As Pierpaolo Piccioli ushered his ateliers out from behind the doors of the Hôtel Salomon de Rothschild, Valentino Garavani rose to his feet, tears streaming down his face. The seamstresses, also crying, rushed over to Mr. Valentino; kissing him, hugging him, holding him. It was an emotionally-charged tribute at the conclusion of Maison Valentino’s Haute Couture show; a stream of beaming, white coated men and women pouring onto a stage typically reserved for the designer and his models, a moment of beautiful anarchy which laid bare the true bones of haute couture – the atelier and its adroit couturiers – of whom traditionally sit behind the seams. And yet this was only just the tip of the iceberg in a show that could quite possibly be Piccioli’s best.
“It’s about the idea of individualism,” Piccioli told Vogue Runway, a “fantasy world” explored not just in his work but in the casting. Models Lauren Hutton, Cecilia Chancellor, Georgina Grenville and Hannelore Knuts all walked, ranging from 40s to mid-70s, it was a powerful message often amiss in Paris, and more broadly speaking, fashion as a whole. As last season’s couture focused on inclusivity (he famously cast 45 black models of 65), this season was about diversity, of age, skin colour and culture.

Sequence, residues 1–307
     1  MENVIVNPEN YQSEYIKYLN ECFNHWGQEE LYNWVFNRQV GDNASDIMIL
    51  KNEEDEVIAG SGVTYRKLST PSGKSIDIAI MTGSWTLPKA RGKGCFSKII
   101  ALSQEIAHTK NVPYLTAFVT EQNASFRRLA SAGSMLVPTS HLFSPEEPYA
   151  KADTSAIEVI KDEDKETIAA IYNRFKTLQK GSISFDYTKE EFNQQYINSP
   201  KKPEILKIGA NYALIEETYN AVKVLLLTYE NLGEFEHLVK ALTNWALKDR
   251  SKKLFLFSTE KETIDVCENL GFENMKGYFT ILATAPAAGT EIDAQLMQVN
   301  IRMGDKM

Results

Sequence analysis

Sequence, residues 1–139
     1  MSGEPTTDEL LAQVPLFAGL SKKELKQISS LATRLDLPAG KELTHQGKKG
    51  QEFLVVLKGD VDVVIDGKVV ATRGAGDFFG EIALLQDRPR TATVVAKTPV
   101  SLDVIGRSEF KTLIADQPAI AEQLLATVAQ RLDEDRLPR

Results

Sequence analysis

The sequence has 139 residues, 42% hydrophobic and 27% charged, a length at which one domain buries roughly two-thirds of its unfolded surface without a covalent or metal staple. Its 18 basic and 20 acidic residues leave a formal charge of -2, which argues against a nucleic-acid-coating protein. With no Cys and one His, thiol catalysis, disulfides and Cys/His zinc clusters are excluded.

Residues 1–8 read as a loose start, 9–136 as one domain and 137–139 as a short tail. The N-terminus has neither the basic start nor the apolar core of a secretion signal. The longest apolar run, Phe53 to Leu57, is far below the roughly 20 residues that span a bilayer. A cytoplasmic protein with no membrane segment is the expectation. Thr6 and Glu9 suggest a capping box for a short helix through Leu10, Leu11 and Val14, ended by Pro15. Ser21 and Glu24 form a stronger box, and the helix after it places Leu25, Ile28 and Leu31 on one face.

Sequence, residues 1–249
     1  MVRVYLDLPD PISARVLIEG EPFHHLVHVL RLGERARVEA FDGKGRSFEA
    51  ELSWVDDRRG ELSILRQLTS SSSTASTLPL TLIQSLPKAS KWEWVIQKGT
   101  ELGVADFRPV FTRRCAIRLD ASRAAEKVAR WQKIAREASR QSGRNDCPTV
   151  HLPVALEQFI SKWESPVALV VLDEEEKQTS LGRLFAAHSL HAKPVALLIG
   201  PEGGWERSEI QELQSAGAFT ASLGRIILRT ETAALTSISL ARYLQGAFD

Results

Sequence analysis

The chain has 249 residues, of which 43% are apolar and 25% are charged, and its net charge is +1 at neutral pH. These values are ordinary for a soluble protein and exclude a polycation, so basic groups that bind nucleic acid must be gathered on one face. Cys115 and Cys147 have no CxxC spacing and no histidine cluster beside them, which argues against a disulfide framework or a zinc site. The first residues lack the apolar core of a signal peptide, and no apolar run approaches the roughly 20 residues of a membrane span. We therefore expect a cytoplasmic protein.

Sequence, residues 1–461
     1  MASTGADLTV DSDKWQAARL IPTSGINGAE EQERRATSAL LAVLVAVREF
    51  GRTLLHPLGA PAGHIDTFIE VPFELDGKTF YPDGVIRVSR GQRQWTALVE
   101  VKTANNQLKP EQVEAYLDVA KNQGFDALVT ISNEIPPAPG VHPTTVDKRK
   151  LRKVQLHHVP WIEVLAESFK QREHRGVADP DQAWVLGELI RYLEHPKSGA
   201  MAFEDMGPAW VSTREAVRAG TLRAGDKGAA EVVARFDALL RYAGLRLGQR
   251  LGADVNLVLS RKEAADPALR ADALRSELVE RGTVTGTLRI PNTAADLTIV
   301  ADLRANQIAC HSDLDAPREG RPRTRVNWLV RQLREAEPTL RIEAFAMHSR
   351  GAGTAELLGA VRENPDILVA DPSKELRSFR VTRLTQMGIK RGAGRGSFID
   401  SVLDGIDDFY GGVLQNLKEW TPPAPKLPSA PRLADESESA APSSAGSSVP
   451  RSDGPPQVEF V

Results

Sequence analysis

But this idea of individualism was perhaps most compelling in his design; a collection of extraordinary colour, print, and craftsmanship rich in cultural motifs, Piccioli let his imagination soar to breathtaking new heights.
Colour was arguably the star; an exuberant palette, which along with its striking solus pigment made for moments of exceptional, albeit unexpected colour-blocking. There was violet and soft mint, brilliant cerulean and brick red, pink and pale chartreuse, Piccioli’s use of colour – both harmoniously and incongruously – seemed irrepressible, a kind of sumptuous feast you kept referring back to, both addictive and unusual all the same.
But in a show of so many exhilarating highs, unpacking its worth and merit is a difficult task. Where to begin? Its handiwork was technically deft, painstaking and sublime. One dress with floral appliqués took 990 hours alone to construct, another 2,010 hours, a process almost unfathomable in this world of fast everything. There was what Piccioli referred to as “folk” elements; lofty wool fringing, folkloric hats and traditional embroidery, tying back seamlessly to this broader idea of individualism and culture.
Silhouette was larger than life; voluminous gowns both buoyant and brilliant, cocoon sleeves exaggerated and sweeping, capacious tops trapeze in style. And for all the plumes, intricate appliqué and whisper-thin tulle, there were simple satin capes, down-the-line dresses made of crêpe and casual slouched boots; the understated and the extravagant in perfect balance.
In the rarefied week of haute couture, Pierpaolo Piccioli is fast establishing himself as the courier par excellence, not just through his exceptional art, but his moral standing, optimism and (hopefully) not so impossible dreams.